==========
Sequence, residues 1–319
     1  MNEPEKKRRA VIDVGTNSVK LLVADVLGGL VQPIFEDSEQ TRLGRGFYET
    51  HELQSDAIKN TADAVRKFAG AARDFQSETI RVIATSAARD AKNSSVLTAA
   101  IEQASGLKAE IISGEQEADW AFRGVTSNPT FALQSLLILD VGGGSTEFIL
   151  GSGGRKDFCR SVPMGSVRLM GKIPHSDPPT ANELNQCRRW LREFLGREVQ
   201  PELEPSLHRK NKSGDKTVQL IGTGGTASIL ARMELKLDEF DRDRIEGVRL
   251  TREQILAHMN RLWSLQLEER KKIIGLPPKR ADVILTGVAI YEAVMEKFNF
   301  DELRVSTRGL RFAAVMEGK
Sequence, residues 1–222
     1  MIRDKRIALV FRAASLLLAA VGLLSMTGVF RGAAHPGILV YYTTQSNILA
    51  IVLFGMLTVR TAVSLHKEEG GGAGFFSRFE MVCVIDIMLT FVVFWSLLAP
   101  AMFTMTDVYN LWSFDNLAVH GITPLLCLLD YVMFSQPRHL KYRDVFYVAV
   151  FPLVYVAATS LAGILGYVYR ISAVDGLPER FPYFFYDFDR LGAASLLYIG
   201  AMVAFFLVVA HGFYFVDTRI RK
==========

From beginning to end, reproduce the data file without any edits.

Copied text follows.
Sequence, residues 1–319
     1  MNEPEKKRRA VIDVGTNSVK LLVADVLGGL VQPIFEDSEQ TRLGRGFYET
    51  HELQSDAIKN TADAVRKFAG AARDFQSETI RVIATSAARD AKNSSVLTAA
   101  IEQASGLKAE IISGEQEADW AFRGVTSNPT FALQSLLILD VGGGSTEFIL
   151  GSGGRKDFCR SVPMGSVRLM GKIPHSDPPT ANELNQCRRW LREFLGREVQ
   201  PELEPSLHRK NKSGDKTVQL IGTGGTASIL ARMELKLDEF DRDRIEGVRL
   251  TREQILAHMN RLWSLQLEER KKIIGLPPKR ADVILTGVAI YEAVMEKFNF
   301  DELRVSTRGL RFAAVMEGK
Sequence, residues 1–222
     1  MIRDKRIALV FRAASLLLAA VGLLSMTGVF RGAAHPGILV YYTTQSNILA
    51  IVLFGMLTVR TAVSLHKEEG GGAGFFSRFE MVCVIDIMLT FVVFWSLLAP
   101  AMFTMTDVYN LWSFDNLAVH GITPLLCLLD YVMFSQPRHL KYRDVFYVAV
   151  FPLVYVAATS LAGILGYVYR ISAVDGLPER FPYFFYDFDR LGAASLLYIG
   201  AMVAFFLVVA HGFYFVDTRI RK